United’s new partnership with Virgin Australia begins May 23

May 10, 2022

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Editor’s note: This post has been updated with new information.

As Australia begins to reopen to international travel, United Airlines is announcing a major new partner down under.

Beginning May 23, United and Virgin Australia will launch a partnership that will involve a reciprocal codeshare, and the ability to earn and redeem frequent flyer miles on either airline.

United has published the following chart, showing MileagePlus earnings for Virgin Australia flights that are not purchased through United:

(Screenshot from United Airlines)

Virgin Australia promises more details soon about the reciprocal benefits for members of its Velocity frequent flyer program.

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The codeshare agreement marks a major rebound for Virgin Australia, which entered voluntary administration — similar to Chapter 11 bankruptcy in the U.S. — in April 2020 as travel plunged at the beginning of the coronavirus pandemic.

Following its restructuring, a much leaner Virgin Australia was later sold to Bain Capital. As part of the new ownership, a transpacific joint venture between Virgin Australia and its then-U.S. partner, Delta Air Lines, was suspended later in 2020. The news of United’s partnership with Virgin Australia comes on the same day that Delta recommitted to investments in other foreign carriers.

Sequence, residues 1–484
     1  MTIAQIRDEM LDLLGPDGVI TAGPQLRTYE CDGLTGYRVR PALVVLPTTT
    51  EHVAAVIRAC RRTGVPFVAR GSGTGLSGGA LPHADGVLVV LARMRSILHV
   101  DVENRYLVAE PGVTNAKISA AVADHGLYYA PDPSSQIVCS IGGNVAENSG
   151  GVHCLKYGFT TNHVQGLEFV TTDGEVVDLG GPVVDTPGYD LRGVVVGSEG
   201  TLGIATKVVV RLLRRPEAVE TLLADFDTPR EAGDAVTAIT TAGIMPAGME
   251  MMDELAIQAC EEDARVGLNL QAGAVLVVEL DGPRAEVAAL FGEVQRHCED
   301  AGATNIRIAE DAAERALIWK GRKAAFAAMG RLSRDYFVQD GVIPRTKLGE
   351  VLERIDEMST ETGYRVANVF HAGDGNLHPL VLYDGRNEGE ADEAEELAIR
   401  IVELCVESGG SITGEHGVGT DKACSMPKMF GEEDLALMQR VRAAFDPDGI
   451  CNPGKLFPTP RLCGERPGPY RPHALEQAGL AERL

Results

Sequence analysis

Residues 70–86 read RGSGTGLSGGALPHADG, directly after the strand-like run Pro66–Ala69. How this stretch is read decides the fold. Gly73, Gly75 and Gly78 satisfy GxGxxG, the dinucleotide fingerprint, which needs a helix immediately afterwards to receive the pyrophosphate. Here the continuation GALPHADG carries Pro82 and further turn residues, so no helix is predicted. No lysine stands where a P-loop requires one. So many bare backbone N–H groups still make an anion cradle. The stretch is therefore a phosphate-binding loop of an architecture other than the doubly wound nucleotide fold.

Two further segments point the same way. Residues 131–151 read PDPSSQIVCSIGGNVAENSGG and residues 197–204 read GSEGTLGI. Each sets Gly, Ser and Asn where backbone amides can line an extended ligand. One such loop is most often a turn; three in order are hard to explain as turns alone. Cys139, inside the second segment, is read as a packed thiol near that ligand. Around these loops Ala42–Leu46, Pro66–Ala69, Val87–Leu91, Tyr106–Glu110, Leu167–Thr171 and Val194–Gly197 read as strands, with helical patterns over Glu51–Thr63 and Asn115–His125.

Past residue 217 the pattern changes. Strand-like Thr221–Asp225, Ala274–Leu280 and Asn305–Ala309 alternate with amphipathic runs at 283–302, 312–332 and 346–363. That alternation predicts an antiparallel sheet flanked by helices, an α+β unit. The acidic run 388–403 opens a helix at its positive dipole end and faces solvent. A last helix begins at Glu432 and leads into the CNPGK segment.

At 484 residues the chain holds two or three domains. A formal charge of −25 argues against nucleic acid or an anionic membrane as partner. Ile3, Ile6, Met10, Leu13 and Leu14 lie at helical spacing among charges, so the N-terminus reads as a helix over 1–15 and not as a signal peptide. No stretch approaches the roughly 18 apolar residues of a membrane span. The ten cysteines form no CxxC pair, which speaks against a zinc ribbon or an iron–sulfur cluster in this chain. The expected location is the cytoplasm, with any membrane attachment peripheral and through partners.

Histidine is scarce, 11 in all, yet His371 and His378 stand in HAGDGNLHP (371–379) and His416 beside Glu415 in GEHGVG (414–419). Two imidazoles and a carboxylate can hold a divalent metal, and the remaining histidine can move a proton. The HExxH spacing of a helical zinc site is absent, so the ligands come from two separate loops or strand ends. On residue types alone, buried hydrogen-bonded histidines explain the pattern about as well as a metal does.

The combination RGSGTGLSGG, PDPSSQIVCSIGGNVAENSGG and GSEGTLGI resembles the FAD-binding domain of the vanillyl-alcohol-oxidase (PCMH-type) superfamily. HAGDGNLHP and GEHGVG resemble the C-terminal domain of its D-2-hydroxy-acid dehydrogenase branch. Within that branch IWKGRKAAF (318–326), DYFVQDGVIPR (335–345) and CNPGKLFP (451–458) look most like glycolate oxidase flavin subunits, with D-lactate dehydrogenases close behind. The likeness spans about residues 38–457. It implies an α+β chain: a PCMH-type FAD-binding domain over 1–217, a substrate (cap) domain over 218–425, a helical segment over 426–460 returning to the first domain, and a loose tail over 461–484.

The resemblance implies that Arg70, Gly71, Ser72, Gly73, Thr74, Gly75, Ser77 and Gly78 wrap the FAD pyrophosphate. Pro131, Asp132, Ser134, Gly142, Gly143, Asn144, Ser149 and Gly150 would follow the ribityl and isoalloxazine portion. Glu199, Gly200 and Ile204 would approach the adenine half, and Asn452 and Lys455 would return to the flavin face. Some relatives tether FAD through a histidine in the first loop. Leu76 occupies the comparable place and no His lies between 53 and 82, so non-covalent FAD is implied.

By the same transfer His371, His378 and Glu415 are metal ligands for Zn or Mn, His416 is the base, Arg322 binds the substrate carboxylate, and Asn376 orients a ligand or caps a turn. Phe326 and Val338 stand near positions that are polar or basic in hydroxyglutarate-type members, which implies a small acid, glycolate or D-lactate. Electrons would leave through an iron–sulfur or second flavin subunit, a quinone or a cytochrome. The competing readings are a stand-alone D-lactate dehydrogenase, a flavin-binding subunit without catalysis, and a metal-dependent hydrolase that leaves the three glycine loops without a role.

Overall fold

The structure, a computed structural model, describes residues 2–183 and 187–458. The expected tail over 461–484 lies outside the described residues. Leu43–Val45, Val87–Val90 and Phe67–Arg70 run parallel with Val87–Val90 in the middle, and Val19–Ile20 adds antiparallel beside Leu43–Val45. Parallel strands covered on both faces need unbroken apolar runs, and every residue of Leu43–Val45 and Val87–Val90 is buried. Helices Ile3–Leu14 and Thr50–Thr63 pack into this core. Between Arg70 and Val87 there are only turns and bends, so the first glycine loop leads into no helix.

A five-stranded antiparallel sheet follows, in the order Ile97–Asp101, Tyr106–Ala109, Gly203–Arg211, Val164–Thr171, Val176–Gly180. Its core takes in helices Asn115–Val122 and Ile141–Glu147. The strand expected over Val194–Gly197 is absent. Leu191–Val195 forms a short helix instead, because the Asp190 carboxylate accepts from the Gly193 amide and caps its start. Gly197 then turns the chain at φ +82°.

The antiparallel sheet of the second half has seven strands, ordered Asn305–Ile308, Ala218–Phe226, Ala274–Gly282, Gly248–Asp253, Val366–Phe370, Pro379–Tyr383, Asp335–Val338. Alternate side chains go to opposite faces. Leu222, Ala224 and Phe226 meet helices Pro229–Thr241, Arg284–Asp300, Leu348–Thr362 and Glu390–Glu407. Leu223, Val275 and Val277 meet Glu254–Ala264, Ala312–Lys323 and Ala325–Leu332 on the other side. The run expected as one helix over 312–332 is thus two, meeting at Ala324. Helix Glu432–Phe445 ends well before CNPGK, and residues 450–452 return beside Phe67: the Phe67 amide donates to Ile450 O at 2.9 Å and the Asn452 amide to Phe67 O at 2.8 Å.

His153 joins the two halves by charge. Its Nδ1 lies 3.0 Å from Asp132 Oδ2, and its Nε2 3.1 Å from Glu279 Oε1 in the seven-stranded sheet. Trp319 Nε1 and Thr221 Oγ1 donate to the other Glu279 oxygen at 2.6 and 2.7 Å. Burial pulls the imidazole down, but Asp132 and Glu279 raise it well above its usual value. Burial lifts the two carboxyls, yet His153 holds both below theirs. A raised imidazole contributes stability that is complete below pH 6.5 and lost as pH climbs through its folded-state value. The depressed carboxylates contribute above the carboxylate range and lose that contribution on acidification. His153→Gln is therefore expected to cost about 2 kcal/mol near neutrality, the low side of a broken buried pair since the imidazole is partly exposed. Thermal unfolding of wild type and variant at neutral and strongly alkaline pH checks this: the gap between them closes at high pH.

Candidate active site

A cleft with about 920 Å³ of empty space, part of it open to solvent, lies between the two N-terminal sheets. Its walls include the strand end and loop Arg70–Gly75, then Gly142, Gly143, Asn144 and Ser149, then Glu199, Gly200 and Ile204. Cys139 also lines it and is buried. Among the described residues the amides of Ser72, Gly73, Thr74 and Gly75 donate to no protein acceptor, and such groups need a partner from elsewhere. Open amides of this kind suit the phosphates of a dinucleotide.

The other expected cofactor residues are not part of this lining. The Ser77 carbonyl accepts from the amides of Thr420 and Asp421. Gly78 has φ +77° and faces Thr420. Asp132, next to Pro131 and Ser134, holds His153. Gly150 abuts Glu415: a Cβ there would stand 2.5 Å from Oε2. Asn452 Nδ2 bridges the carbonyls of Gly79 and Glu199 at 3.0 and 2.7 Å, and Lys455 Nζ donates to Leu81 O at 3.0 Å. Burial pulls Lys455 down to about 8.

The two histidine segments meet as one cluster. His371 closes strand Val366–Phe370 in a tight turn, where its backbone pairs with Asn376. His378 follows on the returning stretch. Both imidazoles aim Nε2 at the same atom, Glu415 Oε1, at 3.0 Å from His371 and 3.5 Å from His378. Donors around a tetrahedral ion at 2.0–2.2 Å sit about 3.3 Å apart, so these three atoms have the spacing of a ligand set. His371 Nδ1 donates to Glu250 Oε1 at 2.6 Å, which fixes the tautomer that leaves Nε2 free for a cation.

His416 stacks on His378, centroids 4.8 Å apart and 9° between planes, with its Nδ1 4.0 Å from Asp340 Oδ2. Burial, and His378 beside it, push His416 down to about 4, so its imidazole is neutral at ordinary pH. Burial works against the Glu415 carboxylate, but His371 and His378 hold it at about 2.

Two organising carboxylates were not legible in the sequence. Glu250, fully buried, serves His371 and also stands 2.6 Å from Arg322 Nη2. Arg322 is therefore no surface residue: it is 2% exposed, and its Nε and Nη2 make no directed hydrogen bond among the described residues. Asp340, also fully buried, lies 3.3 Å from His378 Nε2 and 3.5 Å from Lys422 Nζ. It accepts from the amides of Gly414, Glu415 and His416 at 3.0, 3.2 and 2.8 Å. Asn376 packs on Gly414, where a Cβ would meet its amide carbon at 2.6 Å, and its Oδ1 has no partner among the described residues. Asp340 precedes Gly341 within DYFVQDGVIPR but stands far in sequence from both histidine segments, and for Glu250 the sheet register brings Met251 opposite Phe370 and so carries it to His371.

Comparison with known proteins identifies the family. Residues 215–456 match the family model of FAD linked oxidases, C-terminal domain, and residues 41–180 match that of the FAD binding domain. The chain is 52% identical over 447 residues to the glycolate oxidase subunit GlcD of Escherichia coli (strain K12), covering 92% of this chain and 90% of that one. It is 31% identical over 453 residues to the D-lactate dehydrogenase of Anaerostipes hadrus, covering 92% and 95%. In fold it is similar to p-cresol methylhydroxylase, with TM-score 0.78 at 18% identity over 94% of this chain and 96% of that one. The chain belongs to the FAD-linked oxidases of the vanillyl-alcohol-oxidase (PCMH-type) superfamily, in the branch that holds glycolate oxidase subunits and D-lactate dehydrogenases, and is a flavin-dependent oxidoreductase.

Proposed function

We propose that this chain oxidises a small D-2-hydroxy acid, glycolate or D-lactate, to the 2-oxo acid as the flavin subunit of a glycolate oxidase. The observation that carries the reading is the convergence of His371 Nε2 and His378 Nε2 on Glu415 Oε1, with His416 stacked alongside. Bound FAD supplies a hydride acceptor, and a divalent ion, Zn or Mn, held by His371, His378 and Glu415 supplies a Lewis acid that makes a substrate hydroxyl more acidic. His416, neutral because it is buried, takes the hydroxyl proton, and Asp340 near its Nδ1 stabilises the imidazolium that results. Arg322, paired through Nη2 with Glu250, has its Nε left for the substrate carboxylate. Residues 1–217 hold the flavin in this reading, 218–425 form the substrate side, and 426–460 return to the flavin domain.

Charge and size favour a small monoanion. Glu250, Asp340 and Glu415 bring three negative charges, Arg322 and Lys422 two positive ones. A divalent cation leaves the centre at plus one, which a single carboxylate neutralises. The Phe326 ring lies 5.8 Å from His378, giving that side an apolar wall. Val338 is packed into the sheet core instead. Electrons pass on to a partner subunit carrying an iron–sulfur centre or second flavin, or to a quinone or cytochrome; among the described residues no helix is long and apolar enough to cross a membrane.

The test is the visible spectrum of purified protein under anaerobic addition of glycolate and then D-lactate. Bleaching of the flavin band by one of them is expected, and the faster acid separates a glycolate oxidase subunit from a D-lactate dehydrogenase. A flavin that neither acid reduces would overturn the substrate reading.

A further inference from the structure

Virgin Australia previously flew long-haul routes using Airbus A330s and Boeing 777-300ERs, but reorganized into a domestic carrier flying the Boeing 737 exclusively.

United will be Virgin Australia’s first codeshare under its new ownership.

United has historically had the largest footprint of any U.S. carrier in Australia. (Photo by Zach Griff/The Points Guy)

Of the major U.S. airlines, United has historically had the largest footprint in Australia. It currently serves Sydney (SYD) from Los Angeles (LAX) and San Francisco (SFO). Executives at the airline often note that United was the only airline that did not suspend its Australia service during the pandemic.

“The United States and Australia share a special bond and I’m especially proud that United was the only airline to maintain a vital link between these two countries throughout the pandemic,” United CEO Scott Kirby said in a statement. “Looking ahead, Virgin Australia is the perfect partner for United. Our partnership provides considerable commercial value for both airlines and a shared commitment to offer the best travel experience for our customers.”

More: United Airlines is about to resume its longest flight — for now

In a press release, United also noted that it plans to resume its service to Melbourne (MEL) and its Houston (IAH)-Sydney route “later in 2022.” Prior to the pandemic, IAH-SYD was the longest route in United’s network.

“We are grateful to have such a strong partner in United,” said Virgin Australia Group CEO Jayne Hrdlicka in a statement. “They have proudly been one of Australia’s most loyal and long serving aviation partners and their market strength both to Australia and in the United States brings great value to our guests. We look forward to innovating together on behalf of our guests to ensure they have the very best travel experiences to over 90 destinations in the US.”

In addition to United, Virgin Australia recently announced a partnership with Qatar Airways. That partnership will be similar to the one with United and will feature codesharing and reciprocal frequent flyer benefits.

Featured photo by James D. Morgan/Getty Images.

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